Friday, April 12, 2013

Woman Received IRS Deduction For Her Breast Implants

by Andrea L. Algar
Contributing Author

With the big tax deadline of April 15 looming ever bigger, strange stories are surfacing about odd tax deductions. This story is a cautionary tale of making sure you want what you ask for. A woman allegedly got approval from the Internal Revenue Service to allow the cost of her breast implants to be depreciated.

Woman Received Tax Deduction
for 56FF Breasts
Photo Credit: YouTube
The Jerry Springer Show

First off, let's be clear that this was a very unique case. Chesty Love is an exotic dancer. In an effort to further her career, she was allegedly urged by her agent to have multiple procedures to enlarge her breasts to enormous proportions. Her efforts paid off, with Love doubling her income. It also earned her an appearance on the Jerry Springer Show, being billed as the woman "with the largest breasts in the world," a size 56FF!

In a federal tax court hearing (Hess v. Commissioner, 1994), Love was determined to prove her claims that the procedures were "incurred solely in the furtherance of the business" that she was engaged in - an exotic dancer.

Love also successfully demonstrated that she suffered medical problems, public ridicule and even being shunned by her family as a result of her enormous breasts. She claimed that she planned to have the implants removed permanently once her career as a professional exotic dancer was over. As a result, the court ruled in her favor and she was allowed to claim deduction for her breast implants.

Before you try to take a deduction for breast implants, please check with your trusted tax attorney or tax preparer. Breast implants are usually NOT a deductible expense, either by health insurance or the IRS.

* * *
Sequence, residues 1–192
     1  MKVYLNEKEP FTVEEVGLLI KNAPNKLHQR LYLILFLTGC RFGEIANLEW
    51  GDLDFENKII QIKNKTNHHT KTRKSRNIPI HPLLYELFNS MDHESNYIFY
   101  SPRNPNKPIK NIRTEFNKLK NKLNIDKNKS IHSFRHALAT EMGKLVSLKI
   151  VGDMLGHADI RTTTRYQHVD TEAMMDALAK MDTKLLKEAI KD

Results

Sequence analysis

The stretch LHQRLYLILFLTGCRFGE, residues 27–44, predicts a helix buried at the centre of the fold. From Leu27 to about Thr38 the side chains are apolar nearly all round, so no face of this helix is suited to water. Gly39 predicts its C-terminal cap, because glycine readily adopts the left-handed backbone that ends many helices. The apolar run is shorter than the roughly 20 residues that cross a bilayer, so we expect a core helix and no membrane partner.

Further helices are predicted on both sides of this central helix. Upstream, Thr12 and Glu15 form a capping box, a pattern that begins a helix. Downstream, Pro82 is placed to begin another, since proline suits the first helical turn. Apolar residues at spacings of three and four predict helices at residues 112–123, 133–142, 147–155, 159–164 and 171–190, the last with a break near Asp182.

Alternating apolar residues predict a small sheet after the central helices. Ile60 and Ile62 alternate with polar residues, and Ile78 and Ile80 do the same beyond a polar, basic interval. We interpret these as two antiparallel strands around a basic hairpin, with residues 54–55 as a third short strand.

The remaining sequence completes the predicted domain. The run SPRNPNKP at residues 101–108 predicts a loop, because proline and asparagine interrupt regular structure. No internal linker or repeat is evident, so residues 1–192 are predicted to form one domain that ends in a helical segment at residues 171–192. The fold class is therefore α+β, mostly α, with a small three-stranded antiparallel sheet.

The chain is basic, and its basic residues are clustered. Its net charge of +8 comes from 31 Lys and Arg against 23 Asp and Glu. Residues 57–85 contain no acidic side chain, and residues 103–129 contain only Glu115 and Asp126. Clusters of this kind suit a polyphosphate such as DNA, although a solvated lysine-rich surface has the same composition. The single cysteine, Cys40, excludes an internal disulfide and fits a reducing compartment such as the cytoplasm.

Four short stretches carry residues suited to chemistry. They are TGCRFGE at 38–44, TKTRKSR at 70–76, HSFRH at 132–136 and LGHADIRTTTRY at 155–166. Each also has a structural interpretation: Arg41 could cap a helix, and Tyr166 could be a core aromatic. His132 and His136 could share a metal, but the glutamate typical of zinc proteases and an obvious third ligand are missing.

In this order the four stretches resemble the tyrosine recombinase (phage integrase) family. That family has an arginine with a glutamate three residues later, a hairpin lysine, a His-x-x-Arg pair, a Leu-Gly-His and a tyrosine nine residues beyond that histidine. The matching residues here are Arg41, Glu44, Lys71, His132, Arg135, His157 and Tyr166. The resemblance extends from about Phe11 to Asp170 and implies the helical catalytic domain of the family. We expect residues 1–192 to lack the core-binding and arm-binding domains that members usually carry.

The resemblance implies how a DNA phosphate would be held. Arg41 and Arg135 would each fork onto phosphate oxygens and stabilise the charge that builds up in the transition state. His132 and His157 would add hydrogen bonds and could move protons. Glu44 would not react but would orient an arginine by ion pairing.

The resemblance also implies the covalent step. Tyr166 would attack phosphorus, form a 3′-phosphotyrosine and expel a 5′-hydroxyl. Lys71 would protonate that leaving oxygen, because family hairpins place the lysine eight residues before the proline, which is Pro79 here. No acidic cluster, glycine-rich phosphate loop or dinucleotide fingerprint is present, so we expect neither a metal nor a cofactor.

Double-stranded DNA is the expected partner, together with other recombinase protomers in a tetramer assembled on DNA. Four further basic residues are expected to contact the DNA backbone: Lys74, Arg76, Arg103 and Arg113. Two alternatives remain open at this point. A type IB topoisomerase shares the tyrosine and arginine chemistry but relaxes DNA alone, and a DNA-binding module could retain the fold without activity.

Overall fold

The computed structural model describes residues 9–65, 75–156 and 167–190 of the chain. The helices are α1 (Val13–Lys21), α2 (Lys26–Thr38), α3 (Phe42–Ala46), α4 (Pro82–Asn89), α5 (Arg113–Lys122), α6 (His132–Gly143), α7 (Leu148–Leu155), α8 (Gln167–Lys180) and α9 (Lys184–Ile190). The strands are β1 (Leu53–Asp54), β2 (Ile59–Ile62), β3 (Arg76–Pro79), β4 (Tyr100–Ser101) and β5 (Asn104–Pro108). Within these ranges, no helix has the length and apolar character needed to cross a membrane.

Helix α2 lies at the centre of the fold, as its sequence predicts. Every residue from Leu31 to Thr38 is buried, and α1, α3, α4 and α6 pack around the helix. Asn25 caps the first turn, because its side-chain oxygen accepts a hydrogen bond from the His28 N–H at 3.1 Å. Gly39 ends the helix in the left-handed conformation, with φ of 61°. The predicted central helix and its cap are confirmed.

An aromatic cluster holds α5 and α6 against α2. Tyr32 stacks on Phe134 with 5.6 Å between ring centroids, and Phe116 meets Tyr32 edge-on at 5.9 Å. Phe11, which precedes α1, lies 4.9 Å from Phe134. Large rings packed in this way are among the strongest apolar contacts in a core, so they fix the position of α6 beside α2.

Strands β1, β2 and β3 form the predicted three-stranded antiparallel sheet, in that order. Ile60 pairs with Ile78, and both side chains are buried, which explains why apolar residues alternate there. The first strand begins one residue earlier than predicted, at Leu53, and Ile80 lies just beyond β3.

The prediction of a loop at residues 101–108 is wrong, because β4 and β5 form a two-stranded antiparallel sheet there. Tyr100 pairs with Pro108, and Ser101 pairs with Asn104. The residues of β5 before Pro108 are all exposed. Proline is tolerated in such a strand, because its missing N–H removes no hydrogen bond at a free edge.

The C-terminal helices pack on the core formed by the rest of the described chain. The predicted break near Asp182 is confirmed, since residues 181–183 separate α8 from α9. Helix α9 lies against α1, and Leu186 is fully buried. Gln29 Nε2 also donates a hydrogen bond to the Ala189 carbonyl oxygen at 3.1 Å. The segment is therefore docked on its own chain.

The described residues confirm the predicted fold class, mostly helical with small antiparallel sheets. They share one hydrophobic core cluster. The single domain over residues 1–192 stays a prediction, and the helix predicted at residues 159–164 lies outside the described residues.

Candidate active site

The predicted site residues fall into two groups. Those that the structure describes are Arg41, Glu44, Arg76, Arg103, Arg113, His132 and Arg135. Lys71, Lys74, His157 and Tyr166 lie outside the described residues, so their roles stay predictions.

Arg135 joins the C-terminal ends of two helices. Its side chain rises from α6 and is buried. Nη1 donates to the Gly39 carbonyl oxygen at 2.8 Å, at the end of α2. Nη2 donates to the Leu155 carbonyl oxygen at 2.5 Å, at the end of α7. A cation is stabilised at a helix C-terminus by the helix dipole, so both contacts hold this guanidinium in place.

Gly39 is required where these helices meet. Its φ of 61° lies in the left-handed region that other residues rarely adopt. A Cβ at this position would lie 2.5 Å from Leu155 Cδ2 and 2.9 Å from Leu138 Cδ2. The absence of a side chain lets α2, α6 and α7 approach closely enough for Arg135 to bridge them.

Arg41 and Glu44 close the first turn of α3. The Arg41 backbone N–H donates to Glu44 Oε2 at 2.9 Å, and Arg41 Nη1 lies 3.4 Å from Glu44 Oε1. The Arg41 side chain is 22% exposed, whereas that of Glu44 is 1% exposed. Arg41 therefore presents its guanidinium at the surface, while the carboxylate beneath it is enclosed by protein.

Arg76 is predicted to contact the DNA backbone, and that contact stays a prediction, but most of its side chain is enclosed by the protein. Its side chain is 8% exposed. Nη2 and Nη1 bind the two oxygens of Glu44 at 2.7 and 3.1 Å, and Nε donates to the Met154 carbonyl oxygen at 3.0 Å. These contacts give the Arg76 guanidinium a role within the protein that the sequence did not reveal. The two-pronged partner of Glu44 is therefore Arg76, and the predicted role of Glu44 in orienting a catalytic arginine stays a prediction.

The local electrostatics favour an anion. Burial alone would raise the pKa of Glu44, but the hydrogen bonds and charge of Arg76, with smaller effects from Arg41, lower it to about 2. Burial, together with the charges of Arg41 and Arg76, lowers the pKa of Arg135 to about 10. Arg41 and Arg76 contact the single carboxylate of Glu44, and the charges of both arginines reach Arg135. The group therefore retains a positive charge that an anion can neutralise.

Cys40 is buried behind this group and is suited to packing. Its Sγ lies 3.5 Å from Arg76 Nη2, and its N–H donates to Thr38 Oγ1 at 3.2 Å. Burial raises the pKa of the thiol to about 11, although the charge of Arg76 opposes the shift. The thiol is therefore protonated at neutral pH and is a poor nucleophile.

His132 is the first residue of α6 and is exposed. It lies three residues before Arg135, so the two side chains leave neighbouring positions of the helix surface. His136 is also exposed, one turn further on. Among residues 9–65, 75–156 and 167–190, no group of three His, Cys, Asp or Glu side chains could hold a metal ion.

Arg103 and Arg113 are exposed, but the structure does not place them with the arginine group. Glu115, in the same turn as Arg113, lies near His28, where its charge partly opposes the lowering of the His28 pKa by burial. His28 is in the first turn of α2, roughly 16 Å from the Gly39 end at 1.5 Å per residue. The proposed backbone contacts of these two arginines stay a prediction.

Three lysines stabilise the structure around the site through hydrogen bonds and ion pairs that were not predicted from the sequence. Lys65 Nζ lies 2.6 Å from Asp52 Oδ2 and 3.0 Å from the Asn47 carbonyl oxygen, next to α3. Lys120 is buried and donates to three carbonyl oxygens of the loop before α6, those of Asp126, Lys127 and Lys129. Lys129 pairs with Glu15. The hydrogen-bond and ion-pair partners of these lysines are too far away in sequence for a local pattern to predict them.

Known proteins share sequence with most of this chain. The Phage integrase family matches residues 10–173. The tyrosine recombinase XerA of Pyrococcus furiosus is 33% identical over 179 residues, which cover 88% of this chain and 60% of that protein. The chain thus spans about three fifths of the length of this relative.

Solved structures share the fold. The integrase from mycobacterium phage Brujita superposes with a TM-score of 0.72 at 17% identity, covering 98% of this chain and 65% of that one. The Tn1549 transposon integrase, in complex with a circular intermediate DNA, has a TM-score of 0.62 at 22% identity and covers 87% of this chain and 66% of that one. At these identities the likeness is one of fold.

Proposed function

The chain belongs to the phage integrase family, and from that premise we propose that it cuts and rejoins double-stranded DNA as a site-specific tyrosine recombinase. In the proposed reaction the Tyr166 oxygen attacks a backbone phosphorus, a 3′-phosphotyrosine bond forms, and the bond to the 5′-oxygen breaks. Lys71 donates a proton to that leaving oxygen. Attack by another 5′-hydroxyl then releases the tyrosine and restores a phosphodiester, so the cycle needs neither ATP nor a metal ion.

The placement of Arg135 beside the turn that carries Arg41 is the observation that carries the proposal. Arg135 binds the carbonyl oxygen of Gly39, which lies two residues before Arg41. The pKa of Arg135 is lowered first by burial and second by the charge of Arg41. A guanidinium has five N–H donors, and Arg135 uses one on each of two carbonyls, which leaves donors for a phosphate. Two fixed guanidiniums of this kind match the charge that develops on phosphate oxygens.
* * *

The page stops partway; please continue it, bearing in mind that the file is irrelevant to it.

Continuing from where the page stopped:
On a more serious note, certainly not all women who desire breast implants want such oversize breasts. Opting for extremely large implants can be more risky medically. Back and shoulder pain and complications such as rupture, bottoming out, symmastia or "uni-boob", capsular contracture, stretch marks and/or extreme thinning of the skin are more likely. Like Love experienced, the emotional risks are greater as well, as you may be subject to humiliation, ridicule and crude jokes. Not everyone is likely to share your enthusiasm for big breasts. If you desire very large breasts, be sure to discuss all of the risks with your surgeon.

Most women who go to plastic surgeons are looking for breast implants that make them larger, but in proportion to their body. Many prefer a more natural look as opposed to the "fake" look of oversize breasts. Some prefer a smaller implant that gives just a small increase in size. Some actually like the "fake" look. Others want to go as large as possible, like this exotic dancer did. The bottom line is that selecting the size of your breast implants is a very individual decision. A consultation with an experienced, qualified surgeon can help determine what size implants are recommended. A Board Certified Plastic Surgeon has demonstrated that he/she has the proper training and the professional experience necessary to help guide you through your decisions about cosmetic plastic surgery.